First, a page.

Academic Directions for Brown University, the report of the Academic Directions Committee to the Academic Council, was published in April 1993. The closing section of the report dealt with support of scholarship, and included the following: "...the building blocks necessary to all levels of the discovery process (by faculty and students) are the University's material resources: laboratories, libraries, computer equipment ... and other facilities, as well as the trained staff to support and operate them. If Brown is to maintain and improve its reputation for excellence into the twenty-first century, these resources must receive more attention in academic planning than ... in the past."
Why is it important to involve the Library in academic planning? First, libraries, even large ones, are as distinct as fingerprints. Because academic libraries frequently "mirror" the university which surrounds them, their collections are sometimes weak in areas which have not, in the past, been of interest to their parent institution. It is risky, therefore, to assume that "any good library" will have the resources necessary to support a particular field of interest. While it is certainly the case that basic titles should be in any quality research library, there can be wide disagreements as to what constitutes "basic", especially in a field which may have come into existence within the last decade. Faculty may wish to talk to a Collection Development Librarian about particular needs before any assumptions are made.
Just as there may be surprising weaknesses in a collection, an in-depth look may reveal unanticipated areas of strength. In common with most large libraries, the Brown University Library holds many resources which may not appear in the catalog, but which provide rich fodder for research and teaching. Often such materials have uses far beyond what may be thought of as the obvious. The John Hay Library, for example, holds 500,000 pieces of American sheet music, one of the four largest collections in the country. To quote our own Special Collections at Brown University (1988), the collection "is an unequalled resource for the study of American music and mores, for the investigation of fine color printing or the passing fancies of previous generations." One might not, however, think of it as a natural source for the study of the Civil War. Yet, one of the strengths of the collection is Confederate music, with a corresponding section of Union imprint music. Again, in constructing a new course or contemplating a different academic direction, there are treasures to be discovered by involving the Library in one's planning.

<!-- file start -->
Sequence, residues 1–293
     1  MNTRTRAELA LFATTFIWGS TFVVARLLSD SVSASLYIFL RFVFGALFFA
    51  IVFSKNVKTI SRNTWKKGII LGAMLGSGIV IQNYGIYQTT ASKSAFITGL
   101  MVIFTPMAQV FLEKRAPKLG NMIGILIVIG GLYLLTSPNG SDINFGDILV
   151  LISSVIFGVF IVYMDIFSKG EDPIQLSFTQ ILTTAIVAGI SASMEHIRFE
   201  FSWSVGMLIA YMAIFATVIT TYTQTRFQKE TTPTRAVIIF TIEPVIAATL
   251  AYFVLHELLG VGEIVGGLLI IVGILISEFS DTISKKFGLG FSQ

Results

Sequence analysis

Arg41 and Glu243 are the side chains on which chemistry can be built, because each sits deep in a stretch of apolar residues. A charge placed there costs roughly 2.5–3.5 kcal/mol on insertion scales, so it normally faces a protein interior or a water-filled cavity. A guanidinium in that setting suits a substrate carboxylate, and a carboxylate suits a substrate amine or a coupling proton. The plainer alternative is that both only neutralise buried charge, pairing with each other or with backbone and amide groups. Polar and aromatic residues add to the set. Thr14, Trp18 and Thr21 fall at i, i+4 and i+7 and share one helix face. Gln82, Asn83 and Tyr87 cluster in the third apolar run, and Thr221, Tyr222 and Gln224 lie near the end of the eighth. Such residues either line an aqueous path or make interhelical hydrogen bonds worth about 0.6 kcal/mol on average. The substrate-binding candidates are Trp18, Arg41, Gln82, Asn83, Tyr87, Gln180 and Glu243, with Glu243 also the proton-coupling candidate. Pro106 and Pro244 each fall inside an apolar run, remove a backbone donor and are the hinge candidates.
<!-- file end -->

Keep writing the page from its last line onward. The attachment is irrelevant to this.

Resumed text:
Yet another reason for involving the Library is that collections of any significance cannot be formed overnight. Most faculty, in assessing a library collection, look at the resources they need to develop their own lectures and pursue research, as well as at the materials they may want to assign to students. A faculty member hopes to see certain journal titles present, and, today, may expect the Library to offer specialized databases or other online resources. Many courses now rely on videotapes, slides or other sorts of "media." A graduate program requires not only sophisticated secondary sources, but primary research materials, as well. Even if one assumes that certain needs can be met via interlibrary loan, that presupposes that the basic resources are present locally. A faculty member who devotes considerable effort to developing a new program, without having investigated the Library's holdings, may find that there is more lacking than anticipated, and insufficient time or money to redress the problems quickly.
Finally, there is the matter of resources. Over the course of the last decade, the University has increased the Library's acquisitions budget by an average of 7.3% annually, a not inconsiderable achievement given other constraints. In most years, gifts from alumni and other donors permit the Library to spend slightly more than is budgeted. Nonetheless, during the same period, inflation in the cost of scholarly materials averaged 11.3% annually, more than three times the amount of the average C. P. I. increase, meaning that the Library dollar is steadily losing purchasing power. Furthermore, nearly 80% of the Library's budget is encumbered on July 1, leaving less than $500,000 to be distributed among 70 academic disciplines for purchase recommendations. The growing demand for more electronic publications has placed additional pressure on acquisitions funds.
In this climate, the creation of each new initiative requiring new Library resources results in spreading available funds even more thinly. Involving the Library in planning for a new direction means that an accurate estimate of start-up and continuing costs can be developed; faculty members may gain a realistic idea of how the information needs for their program may be addressed; and the Library can gather data which eventually may be of use in fundraising and budget planning. The University Administration is sometimes able to provide start-up funds for Library resources in new collection areas; while this does not address the problem of continuing support, it is very helpful in the beginning days of an academic enterprise.
Faculty members should contact the Library, starting with William Monroe, Head of Collection Development (x2406), when designing a new course or academic program, or when developing a grant proposal which may require additional Library support. In addition, Academic Department Chairs might consider informing their Collection Development Librarian when they intend to recruit a faculty member in a field new to the department. New faculty often appreciate the opportunity to apprise the Library of their needs, and to evaluate the existing collections before actually beginning their work on campus.
Merrily E. Taylor Joukowsky Family University Librarian